After our first year, we interviewed our recovery climbers. Every one of them said that the team experience was more meaningful to them than the summit itself. So we re-focused the program to emphasize team building and healthy relationships. We added community climbers alongside those climbing out of homelessness.
This year was the first year we had no effective route to the summit, and the emphasis on team-building paid huge dividends. We may not have been able to reach the mountain’s highest point, but the relationships were a true “high point” for all involved…and more enduring!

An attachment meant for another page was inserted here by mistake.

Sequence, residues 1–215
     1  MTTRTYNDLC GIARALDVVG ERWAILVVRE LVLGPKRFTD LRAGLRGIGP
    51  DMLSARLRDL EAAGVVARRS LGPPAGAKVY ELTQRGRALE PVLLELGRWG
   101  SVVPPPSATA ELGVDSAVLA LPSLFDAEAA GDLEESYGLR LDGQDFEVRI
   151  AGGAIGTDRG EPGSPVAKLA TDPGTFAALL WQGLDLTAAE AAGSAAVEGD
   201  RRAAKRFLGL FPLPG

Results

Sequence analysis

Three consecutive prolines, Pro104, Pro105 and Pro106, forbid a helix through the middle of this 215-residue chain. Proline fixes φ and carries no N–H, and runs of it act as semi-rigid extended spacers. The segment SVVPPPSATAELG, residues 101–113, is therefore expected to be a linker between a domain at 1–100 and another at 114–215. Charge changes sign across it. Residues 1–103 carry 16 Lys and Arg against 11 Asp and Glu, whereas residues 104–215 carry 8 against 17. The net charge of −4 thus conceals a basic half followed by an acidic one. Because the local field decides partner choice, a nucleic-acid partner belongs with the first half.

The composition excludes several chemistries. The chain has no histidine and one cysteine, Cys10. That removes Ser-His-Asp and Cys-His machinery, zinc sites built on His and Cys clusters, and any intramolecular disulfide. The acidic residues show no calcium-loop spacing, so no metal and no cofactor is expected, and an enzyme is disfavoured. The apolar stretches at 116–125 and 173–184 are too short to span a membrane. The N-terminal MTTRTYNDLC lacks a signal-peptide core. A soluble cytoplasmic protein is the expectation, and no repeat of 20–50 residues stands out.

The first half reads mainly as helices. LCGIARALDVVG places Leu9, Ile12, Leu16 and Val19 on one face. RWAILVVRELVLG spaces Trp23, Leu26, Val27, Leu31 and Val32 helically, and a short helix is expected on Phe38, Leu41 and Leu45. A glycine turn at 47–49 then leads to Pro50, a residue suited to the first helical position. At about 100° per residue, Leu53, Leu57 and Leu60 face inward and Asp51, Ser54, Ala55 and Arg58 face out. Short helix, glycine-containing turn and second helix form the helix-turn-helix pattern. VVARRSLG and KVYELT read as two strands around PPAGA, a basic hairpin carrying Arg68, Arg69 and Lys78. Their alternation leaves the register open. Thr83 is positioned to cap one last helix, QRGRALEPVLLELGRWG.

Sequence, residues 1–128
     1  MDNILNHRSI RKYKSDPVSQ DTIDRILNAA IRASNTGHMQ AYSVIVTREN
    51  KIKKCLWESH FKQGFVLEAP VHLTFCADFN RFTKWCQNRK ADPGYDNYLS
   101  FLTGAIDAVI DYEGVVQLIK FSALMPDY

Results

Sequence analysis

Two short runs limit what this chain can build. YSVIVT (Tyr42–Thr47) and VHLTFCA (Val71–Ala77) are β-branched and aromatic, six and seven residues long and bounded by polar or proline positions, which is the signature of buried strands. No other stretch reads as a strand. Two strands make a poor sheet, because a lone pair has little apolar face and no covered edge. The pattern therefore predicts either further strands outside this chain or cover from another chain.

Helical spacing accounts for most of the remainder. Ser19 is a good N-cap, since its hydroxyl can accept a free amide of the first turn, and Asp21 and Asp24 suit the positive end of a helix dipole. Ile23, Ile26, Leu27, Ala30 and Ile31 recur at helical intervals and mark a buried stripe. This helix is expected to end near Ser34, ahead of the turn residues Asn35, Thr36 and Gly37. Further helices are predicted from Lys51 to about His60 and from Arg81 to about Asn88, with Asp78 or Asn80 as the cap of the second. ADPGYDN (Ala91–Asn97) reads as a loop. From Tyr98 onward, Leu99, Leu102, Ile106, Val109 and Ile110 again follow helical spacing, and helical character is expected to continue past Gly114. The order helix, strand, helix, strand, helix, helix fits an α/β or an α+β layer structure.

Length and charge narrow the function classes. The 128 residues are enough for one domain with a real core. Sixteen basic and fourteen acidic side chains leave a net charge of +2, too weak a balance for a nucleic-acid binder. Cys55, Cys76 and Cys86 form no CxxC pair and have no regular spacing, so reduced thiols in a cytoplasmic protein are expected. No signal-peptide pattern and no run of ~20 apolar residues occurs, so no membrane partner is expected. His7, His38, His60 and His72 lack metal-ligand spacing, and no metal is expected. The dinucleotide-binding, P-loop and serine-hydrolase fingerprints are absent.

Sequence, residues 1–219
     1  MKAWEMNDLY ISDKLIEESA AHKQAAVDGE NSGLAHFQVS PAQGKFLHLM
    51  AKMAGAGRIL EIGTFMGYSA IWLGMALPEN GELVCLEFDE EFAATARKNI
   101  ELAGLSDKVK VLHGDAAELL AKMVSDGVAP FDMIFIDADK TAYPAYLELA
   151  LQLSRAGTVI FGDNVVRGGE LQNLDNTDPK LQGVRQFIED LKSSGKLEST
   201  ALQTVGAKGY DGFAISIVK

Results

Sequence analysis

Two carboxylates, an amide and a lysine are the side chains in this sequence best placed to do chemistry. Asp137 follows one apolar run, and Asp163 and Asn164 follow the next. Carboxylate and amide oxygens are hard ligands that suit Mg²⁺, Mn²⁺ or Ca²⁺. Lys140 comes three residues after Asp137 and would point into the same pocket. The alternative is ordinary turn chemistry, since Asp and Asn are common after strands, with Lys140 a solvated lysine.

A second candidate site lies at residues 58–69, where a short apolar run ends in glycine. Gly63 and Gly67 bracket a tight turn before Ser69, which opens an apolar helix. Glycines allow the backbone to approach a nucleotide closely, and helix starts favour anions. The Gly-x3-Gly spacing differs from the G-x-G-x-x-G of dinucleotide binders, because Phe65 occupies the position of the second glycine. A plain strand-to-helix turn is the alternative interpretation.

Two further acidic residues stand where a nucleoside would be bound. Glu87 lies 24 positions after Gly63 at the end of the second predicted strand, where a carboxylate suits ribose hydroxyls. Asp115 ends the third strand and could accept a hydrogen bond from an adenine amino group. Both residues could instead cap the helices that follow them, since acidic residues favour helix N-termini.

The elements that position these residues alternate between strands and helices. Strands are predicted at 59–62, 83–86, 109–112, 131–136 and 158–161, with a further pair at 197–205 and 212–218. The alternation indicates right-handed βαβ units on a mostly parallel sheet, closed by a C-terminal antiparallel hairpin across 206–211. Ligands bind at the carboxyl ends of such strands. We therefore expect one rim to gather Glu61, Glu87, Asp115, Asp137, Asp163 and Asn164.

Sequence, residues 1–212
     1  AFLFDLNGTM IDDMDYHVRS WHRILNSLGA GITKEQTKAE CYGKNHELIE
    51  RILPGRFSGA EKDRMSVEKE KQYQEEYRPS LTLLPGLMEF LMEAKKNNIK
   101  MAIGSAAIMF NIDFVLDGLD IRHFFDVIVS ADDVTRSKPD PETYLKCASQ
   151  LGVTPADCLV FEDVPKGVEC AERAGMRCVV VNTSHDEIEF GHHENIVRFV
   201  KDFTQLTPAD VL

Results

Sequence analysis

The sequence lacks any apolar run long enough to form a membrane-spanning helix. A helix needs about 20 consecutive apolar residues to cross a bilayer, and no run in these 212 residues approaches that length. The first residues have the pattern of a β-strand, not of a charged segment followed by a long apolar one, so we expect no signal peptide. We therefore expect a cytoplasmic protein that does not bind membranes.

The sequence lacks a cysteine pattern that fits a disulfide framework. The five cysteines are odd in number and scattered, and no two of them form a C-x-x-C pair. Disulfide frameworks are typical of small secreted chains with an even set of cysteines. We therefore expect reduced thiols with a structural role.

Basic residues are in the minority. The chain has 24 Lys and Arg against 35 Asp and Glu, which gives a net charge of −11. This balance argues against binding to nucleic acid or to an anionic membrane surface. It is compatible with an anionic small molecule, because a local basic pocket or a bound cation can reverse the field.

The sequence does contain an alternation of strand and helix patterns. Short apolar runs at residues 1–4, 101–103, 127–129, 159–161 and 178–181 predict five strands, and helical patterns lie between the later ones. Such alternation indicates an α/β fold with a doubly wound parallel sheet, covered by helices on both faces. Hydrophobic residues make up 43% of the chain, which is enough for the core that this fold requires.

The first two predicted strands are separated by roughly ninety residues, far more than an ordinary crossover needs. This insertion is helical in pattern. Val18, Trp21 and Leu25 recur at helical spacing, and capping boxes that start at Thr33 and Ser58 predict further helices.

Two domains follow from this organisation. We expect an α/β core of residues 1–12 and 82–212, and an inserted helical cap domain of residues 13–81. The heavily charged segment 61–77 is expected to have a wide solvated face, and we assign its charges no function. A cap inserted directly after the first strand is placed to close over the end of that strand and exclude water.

Life really is about relationships, and so is climbing. Our senior guide and friend Leon Davis was asked by one of our recovery climbers which mountain was his favorite to climb. He said, “I don’t think I have a favorite mountain, but I have had some favorite outings. Those really were about who I was with.” That’s what we got this year, Leon: and it really is the true summit.